Fat Loss: Part 1 - Burning Calories or Workout Intensity?
Fat Loss: Part 2 - The Metabolic Syndrome
What if you could flip a switch to set off a fat-burning chain reaction to obliterate thousands of fat cells (particularly that stubborn belly fat), while allowing no fat storage? What if, as a result, you’d reduce inflammation, bad LDL cholesterol and the amount of insulin circulating in the body?
It has long been assumed that one needed to exercise at a certain intensity that was not so high as to get out of the “fat burning zone”, and that if the intensity crossed a certain threshold that fat would no longer be the fuel used for exercise. Indeed, during low intensity exercise, fat is predominantly used for energy production. The reasoning was that a person just needed to burn off a certain amount of calories through steady state activity to lose bodyfat. However, the reality is that the average person weighing 150 pounds burns roughly 100 calories per mile (and not all of those calories come exclusively from fat) – whether a person walks or runs. Since there are approximately 3500 calories in a pound of fat, a person would have to go 35 miles to burn 1 pound of bodyfat, so the theory went.
The Amplification Cascade
In an amplification cascade, rather than one molecule acting to produce one metabolic effect as outlined in the low-intensity exercise example above, one enzyme instead activates another set of enzymes, possibly ten or a hundred in the next step. Each one of those hundred in turn activates another hundred, and so on down the line – an exponential domino effect or chain reaction. This amplification cascade is extremely effective in supplying huge amounts of energy to our working muscles during an emergency or a “fight-or-flight” situation. It can also be safely induced during controlled high-intensity exercise performed above the lactate threshold.
The reason high-intensity exercise is so important for making such a dramatic metabolic shift is that it triggers both glycogenolysis and an enzyme called hormone-sensitive lipase.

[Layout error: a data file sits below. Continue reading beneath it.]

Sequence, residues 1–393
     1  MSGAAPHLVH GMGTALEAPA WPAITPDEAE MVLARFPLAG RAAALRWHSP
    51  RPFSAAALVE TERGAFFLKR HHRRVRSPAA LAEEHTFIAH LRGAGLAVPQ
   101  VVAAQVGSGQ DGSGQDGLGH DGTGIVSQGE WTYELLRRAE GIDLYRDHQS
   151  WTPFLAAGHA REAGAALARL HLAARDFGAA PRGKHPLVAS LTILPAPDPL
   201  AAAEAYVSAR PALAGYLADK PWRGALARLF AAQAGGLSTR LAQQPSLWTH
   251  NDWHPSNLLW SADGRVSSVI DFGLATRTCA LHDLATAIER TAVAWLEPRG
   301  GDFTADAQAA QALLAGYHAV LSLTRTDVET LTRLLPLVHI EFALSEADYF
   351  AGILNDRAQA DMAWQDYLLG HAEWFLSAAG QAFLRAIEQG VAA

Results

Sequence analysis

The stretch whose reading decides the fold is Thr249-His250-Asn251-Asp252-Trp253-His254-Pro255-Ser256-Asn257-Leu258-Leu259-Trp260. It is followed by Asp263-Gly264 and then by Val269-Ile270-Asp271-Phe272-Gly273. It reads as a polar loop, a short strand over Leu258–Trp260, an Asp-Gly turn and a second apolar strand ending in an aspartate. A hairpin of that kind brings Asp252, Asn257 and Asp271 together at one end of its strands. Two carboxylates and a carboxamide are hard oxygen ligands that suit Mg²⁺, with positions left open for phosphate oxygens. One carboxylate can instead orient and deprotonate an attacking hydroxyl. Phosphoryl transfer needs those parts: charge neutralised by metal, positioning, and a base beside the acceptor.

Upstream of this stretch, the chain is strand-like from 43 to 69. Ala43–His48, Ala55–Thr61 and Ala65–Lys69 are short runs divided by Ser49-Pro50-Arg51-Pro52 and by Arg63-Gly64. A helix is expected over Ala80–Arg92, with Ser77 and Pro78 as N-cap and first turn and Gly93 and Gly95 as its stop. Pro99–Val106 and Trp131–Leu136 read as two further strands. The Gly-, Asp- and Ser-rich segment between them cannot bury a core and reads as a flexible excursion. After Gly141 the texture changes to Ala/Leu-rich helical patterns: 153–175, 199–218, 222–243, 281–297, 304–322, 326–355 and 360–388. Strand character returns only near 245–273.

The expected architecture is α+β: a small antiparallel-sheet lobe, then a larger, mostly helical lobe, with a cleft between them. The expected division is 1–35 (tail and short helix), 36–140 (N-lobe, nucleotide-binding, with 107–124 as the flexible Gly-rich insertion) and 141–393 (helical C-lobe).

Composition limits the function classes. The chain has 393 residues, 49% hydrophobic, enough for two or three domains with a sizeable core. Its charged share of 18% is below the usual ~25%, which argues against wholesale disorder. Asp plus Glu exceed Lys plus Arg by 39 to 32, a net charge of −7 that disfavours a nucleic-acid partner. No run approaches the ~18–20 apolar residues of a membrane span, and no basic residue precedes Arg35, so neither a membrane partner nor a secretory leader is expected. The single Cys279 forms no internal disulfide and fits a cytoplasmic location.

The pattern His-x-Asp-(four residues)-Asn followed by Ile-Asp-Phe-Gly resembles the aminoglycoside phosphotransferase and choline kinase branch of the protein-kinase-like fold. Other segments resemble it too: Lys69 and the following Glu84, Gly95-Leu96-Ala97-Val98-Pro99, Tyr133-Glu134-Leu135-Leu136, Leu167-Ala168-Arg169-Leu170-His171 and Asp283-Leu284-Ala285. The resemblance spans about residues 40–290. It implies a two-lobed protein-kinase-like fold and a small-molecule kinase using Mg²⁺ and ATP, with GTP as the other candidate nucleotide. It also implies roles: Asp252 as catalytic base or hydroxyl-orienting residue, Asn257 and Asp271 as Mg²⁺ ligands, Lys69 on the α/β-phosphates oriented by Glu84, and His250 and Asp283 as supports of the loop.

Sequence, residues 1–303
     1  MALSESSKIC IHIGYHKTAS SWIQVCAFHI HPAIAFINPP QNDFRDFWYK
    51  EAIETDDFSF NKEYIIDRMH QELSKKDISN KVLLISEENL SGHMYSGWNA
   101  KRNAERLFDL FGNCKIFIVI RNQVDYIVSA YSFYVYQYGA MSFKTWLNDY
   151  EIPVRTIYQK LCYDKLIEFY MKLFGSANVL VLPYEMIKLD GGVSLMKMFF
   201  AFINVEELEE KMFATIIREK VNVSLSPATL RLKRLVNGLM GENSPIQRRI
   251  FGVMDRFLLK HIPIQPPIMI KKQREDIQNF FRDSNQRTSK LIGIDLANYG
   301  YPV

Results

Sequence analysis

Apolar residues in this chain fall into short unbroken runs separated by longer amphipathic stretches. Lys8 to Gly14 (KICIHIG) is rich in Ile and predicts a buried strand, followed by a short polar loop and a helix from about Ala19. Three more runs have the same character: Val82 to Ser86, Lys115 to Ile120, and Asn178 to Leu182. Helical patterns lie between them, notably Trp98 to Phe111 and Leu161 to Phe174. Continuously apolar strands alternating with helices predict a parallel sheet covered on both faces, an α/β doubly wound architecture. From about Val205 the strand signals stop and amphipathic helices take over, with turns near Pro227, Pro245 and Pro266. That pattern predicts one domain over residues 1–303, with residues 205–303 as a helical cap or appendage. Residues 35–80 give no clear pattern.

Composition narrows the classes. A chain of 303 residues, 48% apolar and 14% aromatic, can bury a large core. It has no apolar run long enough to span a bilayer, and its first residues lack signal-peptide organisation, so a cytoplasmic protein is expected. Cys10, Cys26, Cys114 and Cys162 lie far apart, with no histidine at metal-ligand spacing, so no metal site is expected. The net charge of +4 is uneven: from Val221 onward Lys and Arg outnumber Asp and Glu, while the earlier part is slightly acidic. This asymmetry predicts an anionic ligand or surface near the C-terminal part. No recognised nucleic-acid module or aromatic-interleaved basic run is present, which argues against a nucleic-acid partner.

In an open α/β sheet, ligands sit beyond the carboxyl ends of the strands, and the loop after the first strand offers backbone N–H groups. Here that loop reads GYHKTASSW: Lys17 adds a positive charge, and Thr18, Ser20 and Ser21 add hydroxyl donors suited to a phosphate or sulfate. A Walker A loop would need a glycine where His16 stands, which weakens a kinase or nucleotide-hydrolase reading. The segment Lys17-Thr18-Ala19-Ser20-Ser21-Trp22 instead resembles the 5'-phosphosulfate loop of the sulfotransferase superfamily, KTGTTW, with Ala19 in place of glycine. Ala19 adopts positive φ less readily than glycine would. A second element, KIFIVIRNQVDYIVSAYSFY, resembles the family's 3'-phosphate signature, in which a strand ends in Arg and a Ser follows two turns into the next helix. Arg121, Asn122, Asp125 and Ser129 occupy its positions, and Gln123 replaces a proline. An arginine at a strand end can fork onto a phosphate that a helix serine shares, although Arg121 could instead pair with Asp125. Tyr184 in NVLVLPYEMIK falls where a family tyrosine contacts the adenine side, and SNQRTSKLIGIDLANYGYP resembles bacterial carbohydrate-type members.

Glycogenolysis – the breakdown of glycogen for use as energy within skeletal muscle – restores insulin sensitivity on muscle cells, which are the greatest glycogen depot in the body. When the fast twitch muscle fibers are activated during these “fight-or-flight” situations, stress hormones such as growth hormone and epinephrine are secreted. As a result, the muscle cell empties itself of a significant amount of glycogen, which means insulin can now act on the cell surface and allow glucose to reenter the muscle. This increase in insulin sensitivity is crucial to your metabolic health and keeping insulin levels low.
Hormone Sensitive Lipase
The same process that activates glycogenolysis also activates hormone-sensitive lipase and the mobilization of fatty acids for energy utilization. This fat-burning chain reaction is similar to what happens in glycogen mobilization. Fatty acids are a very important source of energy for muscles. However, if insulin levels are high, even with a low-calorie diet, hormone-sensitive lipase will be inhibited, and mobilizing fat will become impossible. This may be why people who diet and take up walking or jogging often find it difficult to lose much bodyfat.
This amplification cascade cannot be triggered with low-intensity steady-state exercise. The fast-twitch muscle fibers, the largest glycogen depot in the body, must be activated. Only through above-the-lactate-threshold, high-intensity exercise can this chain-reaction be accomplished.
In summary, high-intensity exercise training induces greater fat loss, in particular, abdominal visceral fat loss, than low-intensity exercise training for several reasons:
- First, high-intensity exercise induces secretion of lipolytic hormones, including growth hormone and epinephrine, which facilitates greater post-exercise energy expenditure and fat oxidation.
- Second, under equivalent levels of energy expenditure, high-intensity exercise training favors a greater negative energy balance compared with low-intensity exercise training.
Now, you are probably asking “What exercises should I be doing?”, and “How often should I do them?” Another question, most importantly, is “How can I do this safely?”
We’ll be providing the answers in upcoming articles.